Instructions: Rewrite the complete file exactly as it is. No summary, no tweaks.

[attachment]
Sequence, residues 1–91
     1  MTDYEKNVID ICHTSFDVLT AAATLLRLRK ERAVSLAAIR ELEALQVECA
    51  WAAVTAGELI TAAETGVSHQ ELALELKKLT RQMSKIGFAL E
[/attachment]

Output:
Sequence, residues 1–91
     1  MTDYEKNVID ICHTSFDVLT AAATLLRLRK ERAVSLAAIR ELEALQVECA
    51  WAAVTAGELI TAAETGVSHQ ELALELKKLT RQMSKIGFAL E